The Air Force's top officer says the service had to put its most recent light attack aircraft program on hold to gather yet more data on how it might use such these planes and how they might operate together with attack helicopters, armed drones, and other platforms. He also implied that there had been a lack of interest from potential foreign partners. Beyond simply ignoring the service's own glaringly obvious need for this capability, these arguments for putting the program on ice are dubious at best and appear to be a pretext for outright canceling the effort, if it isn't effectively dead already.
U.S. Air Force Chief of Staff General David Goldfein offered his latest take on what has most recently been known as the Light Attack Aircraft (LAA) program in an interview with Defense News on Jan. 26, 2019. The Air Force had announced it was shelving the LAA effort indefinitely earlier in January. It had planned to issue a formal request for proposals in December 2018.
In August 2018, the Air Force had alerted potential vendors of the upcoming competition. At the same time, however, the service bluntly stated that it had determined that the A-29 Super Tucano and AT-6C Wolverine, both single-engine turboprop aircraft, were likely to be the only aircraft that would meet its requirements. Brazil’s Embraer, in cooperation with Sierra Nevada Corporation (SNC), had supplied an A-29 for two rounds of experiments between 2017 and 2018, while Textron had provided one of its AT-6Cs. Textron's Scorpion light jet and the AT-802L Longsword armed crop duster from Air Tractor and L3 had participated in the first phase of evaluations, as well.
Goldfein told Defense News that the Air Force had decided against issuing the request for proposals in the end because of uncertainty about the upcoming budget proposal for the 2020 Fiscal Year, which is now due out in a matter of days. He said the service had not yet finished crafting its over-arching strategy for employing light attack aircraft, either.
We don't know what the Air Force's final plans for the LAA program might have looked like, but a report that the Pentagon's Office of the Director of Test and Evaluation, or DOT&E, released on Jan. 31, 2019, said the service could have bought a fleet of 359 aircraft, enough for eight operational squadrons and three training units. Purchases would have begun after a contract award sometime in 2019.
It is not clear whether this reflected a maximum purchase order, since, by December 2018, senior Air Force officials were already talking about a potential fleet of less than 100 aircraft. In August 2018, now-retired U.S. Air Force General Ellen Pawlikowski, then head of Air Force Materiel Command, had talked about the service purchasing as few as 20 of the planes. It is also important to remember that DOT&E report covers activities during the 2018 Fiscal Year, which ended on Sept. 30, 2018, meaning the information therein is at least four months old. The Air Force has already confirmed that the details are no longer accurate.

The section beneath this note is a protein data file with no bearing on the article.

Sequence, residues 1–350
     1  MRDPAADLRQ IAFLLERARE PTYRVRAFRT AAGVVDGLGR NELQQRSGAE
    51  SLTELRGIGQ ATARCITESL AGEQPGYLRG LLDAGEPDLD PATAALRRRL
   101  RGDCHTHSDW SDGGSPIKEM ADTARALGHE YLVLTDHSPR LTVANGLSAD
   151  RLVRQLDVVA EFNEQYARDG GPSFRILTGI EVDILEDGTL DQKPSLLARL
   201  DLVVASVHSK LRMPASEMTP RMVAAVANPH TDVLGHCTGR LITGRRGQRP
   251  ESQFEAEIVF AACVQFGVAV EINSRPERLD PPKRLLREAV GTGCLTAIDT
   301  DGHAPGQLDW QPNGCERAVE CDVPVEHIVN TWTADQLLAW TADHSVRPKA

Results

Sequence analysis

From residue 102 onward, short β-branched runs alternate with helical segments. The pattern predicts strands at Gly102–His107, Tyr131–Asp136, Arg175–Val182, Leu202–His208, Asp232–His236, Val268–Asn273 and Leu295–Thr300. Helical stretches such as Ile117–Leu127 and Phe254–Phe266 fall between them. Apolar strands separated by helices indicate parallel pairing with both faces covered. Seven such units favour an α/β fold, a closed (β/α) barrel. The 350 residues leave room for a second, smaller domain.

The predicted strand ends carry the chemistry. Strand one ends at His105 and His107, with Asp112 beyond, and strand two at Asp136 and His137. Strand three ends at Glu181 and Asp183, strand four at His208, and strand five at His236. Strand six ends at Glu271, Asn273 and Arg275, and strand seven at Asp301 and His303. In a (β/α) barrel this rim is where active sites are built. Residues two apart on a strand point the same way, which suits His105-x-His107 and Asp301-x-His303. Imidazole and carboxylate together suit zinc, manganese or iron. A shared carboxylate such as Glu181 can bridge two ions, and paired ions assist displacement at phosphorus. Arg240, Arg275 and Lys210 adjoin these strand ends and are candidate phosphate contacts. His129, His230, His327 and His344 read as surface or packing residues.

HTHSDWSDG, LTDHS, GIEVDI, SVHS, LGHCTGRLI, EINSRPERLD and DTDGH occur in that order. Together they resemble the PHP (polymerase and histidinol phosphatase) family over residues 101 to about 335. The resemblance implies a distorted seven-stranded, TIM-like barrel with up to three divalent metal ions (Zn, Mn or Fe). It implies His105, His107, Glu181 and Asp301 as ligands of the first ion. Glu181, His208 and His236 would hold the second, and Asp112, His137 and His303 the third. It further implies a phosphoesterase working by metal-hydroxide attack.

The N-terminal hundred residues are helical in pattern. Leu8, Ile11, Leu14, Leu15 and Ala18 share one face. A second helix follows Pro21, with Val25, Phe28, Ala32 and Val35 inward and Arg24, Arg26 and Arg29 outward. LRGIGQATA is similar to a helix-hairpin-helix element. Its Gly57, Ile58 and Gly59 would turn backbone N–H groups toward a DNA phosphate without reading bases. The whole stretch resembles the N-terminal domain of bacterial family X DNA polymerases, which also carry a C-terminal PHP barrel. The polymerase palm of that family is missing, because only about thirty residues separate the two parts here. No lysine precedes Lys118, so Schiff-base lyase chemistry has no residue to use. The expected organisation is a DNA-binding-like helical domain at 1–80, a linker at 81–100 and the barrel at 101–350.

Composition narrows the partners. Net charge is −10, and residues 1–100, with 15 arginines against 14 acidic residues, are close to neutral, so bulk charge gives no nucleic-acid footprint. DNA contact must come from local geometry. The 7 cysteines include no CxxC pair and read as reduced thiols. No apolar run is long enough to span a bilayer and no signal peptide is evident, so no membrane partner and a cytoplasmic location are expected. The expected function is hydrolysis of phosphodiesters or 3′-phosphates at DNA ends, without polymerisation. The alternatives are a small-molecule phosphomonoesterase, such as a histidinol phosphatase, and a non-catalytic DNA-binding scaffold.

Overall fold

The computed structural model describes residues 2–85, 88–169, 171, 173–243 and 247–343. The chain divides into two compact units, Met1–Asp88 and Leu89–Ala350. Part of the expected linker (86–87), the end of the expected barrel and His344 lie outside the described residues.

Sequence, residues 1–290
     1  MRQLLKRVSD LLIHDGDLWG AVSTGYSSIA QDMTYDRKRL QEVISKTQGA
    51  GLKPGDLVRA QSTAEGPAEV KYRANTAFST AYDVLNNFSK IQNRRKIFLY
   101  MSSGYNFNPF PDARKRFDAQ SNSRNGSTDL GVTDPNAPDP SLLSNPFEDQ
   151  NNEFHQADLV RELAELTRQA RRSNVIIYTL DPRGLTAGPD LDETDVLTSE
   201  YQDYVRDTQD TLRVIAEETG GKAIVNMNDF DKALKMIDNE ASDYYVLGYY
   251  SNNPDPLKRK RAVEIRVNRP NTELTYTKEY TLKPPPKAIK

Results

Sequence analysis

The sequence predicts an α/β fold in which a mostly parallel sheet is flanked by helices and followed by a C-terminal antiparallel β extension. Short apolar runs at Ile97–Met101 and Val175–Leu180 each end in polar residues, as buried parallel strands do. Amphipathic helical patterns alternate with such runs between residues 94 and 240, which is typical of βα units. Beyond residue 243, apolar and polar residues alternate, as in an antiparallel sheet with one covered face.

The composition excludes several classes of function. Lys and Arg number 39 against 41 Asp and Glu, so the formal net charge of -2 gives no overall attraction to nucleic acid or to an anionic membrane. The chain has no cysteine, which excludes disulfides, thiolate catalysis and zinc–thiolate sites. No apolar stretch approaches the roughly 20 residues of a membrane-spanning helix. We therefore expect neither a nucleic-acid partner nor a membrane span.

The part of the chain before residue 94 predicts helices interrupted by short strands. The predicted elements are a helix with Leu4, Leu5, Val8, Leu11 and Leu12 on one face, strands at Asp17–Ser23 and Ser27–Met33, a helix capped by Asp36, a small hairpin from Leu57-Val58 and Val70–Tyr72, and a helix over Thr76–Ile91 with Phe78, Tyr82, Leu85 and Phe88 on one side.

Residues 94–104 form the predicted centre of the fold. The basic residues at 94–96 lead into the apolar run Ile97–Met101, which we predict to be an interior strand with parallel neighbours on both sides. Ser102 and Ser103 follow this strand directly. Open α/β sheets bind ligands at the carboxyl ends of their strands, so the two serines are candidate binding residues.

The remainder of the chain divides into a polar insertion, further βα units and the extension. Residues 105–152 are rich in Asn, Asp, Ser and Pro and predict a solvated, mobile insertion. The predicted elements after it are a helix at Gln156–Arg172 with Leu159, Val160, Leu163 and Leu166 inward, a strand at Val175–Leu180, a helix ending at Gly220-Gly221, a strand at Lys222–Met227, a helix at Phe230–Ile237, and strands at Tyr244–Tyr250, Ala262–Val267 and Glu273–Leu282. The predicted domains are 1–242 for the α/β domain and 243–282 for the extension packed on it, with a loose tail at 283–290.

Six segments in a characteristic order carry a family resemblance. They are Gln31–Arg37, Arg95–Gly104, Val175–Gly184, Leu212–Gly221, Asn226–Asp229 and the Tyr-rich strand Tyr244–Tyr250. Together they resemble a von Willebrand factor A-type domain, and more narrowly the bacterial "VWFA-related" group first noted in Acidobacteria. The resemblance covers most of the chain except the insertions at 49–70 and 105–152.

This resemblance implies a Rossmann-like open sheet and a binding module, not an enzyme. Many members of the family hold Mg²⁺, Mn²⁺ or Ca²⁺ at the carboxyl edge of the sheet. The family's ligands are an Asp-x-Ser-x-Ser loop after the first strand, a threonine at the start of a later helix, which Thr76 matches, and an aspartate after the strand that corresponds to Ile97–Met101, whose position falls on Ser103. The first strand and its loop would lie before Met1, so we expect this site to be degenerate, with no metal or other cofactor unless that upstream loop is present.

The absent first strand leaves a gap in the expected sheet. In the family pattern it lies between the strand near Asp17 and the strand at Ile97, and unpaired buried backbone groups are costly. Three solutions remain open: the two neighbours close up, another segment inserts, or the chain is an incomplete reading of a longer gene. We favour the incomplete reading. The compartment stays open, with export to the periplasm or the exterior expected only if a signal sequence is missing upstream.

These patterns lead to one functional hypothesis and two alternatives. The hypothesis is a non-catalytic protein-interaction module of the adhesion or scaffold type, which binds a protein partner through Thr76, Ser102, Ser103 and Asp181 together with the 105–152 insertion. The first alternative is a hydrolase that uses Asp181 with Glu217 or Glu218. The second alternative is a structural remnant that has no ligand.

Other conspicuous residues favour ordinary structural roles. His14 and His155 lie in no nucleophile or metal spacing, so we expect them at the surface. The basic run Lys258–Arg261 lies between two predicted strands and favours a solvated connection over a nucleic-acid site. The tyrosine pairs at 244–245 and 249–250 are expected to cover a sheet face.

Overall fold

“What is the right mix of fixed wing, rotary wing, manned and unmanned that can do the business of light attack?” Goldfein said in his interview with Defense News about how the service is now looking to move forward with the program. “What is the right mix and how do we bring allies and partners in right now with us – not just periodically parachute in – but how do we expand this experiment to bring them into the tent with us?”
Goldfein's comments are in line with statements that Under Secretary of the Air Force Matt Donovan, the service’s number two civilian, had made to reporters when he announced the indefinite suspension of the LAA program after an Air Force Association event on Jan. 18, 2019. “We're going to broaden the scope a little bit,” he said, without offering any details.
The Air Force's top officer certainly offered more context, but one can only reasonably describe these arguments as nonsensical. The most immediately maddening claim is that the Air Force has been unable to properly craft a light attack strategy, whatever types of aircraft it might include, based on the information it already has or can readily obtain from its sister services.
The seemingly perpetual need to collect more data has been a routine talking point since the Air Force’s most recent light attack experiment, known variously as the Capability Assessment of Non-Developmental Light Attack Platforms or Combat Dragon III, began in 2017. As we at The War Zone have pointed out repeatedly, the idea that this is the case strains credulity.